Mixed Media Engraving

A mixed media engraving refers to a work produced using two or more printing
processes. Antique prints usually combined copper engraving, etching and/or mezzotint to form a single image.Today combinations are endless, reflecting the creativity and skill of the artist which even may include found objects.

The Victorian Mixed Method Engraving: Perhaps the most technically demanding form of original printmaking in the history of art, the Victorian mixed method engraving reached its pinnacle of virtuosity in the last latter nineteenth century. During this time large engravings were created to hang in Victorian homes. Highly skilled engravers would often devote more than a full year's labor to one of these large works of art, often combining mezzotinting, aquatint, stippling, engraving and etching on the same plate. No other form of intensive craftsmanship could produce such an outstanding variety of shades and tones as the mixed method engraving. These large engravings became the driving force of the Victorian art world. In fact, all the famous artists in England and America devoted their energies to the lucrative engraving market. Painters of international stature, such as George Henry Boughton (1883-1905), Sir John Everett Millais (1829-1896), Sir Edwin Landseer (1802-1873), Sir Frederic Leighton, 1st Baron Leighton (1830-1896),   John George Brown (1831-1913) and Sir Lawrence Alma Tadema (1836-1912) made their fortunes more by selling engraving rights to the publishers than by the actual sales of their paintings. Large Victorian era engravings are now very scarce. Nineteenth century framers had no knowledge of conservation methods and thus the majority of these valuable works of art have simply disappeared or have been unalterably stained and marred in their acidic matting and frames. Thankfully this beautiful example is in very good condition.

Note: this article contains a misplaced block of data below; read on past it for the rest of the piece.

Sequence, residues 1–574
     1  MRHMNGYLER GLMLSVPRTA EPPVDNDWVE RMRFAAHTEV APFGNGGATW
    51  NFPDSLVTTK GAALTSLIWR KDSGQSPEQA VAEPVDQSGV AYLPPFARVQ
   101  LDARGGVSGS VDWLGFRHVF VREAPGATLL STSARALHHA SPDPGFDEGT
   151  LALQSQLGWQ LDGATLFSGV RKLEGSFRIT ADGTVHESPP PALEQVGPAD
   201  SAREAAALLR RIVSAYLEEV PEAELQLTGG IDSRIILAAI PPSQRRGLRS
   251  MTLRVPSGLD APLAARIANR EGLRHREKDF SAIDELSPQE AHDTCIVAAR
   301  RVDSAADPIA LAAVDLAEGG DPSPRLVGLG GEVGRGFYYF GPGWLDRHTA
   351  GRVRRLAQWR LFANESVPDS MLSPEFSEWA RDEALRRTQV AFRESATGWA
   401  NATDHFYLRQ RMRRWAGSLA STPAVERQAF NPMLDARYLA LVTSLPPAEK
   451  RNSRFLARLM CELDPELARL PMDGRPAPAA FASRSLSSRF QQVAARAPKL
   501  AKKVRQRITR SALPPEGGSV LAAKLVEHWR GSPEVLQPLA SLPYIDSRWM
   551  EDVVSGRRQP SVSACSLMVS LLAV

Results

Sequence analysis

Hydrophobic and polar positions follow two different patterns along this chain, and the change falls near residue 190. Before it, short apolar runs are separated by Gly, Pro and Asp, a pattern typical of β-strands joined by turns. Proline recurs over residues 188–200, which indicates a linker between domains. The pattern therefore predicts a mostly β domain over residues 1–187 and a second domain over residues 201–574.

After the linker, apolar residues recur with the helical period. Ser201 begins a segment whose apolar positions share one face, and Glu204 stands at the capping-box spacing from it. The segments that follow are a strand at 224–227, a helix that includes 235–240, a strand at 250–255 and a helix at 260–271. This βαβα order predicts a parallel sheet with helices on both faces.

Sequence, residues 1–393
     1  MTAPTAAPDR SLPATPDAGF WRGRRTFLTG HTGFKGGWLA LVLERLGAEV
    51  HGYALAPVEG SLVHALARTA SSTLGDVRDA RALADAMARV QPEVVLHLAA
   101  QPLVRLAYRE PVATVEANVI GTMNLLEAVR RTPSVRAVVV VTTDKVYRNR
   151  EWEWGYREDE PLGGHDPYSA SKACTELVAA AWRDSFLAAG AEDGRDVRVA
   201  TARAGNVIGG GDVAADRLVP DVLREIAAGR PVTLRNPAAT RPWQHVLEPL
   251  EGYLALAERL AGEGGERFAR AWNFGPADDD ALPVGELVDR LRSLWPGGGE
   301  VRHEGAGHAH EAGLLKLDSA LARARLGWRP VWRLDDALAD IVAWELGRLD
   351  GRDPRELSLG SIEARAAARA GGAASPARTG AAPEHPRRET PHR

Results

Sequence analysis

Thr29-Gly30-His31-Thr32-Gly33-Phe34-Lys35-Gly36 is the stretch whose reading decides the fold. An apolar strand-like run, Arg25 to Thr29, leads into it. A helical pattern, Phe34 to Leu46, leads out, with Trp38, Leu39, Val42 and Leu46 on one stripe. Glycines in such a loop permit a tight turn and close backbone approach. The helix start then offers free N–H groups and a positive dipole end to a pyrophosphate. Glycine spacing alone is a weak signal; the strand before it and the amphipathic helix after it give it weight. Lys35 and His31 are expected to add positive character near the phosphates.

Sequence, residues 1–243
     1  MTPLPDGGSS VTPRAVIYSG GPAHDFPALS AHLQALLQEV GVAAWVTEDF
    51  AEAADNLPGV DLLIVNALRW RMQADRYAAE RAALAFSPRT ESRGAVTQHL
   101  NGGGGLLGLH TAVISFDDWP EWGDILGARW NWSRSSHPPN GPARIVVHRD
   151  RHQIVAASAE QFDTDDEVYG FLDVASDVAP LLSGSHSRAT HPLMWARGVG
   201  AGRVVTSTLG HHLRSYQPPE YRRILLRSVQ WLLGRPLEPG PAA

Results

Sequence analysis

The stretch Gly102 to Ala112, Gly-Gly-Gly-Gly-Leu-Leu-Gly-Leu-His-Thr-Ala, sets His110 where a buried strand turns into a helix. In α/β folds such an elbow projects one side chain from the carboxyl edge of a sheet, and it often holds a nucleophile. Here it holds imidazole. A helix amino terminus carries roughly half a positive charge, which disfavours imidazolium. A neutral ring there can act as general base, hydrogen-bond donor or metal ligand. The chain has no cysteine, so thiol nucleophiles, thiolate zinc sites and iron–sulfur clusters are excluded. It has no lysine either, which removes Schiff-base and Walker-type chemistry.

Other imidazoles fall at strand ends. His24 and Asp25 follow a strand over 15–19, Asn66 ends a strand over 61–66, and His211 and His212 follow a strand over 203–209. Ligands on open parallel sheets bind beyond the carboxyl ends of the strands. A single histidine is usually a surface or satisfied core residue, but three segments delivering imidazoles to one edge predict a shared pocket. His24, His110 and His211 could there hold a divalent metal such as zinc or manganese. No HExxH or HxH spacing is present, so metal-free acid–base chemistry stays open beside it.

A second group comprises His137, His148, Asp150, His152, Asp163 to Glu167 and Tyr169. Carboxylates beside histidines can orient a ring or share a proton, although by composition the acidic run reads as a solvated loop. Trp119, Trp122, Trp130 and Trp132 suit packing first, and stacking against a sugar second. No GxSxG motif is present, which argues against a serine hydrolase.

In Victorian terms an impression known as a 'Proof without title'.  Proofs thus constitute the finest impressions, both in their methods of printings and in the papers used. This impression is printed on fine china paper which has been impressed onto a larger sheet of thick, white wove paper. The method known as La Chine Colée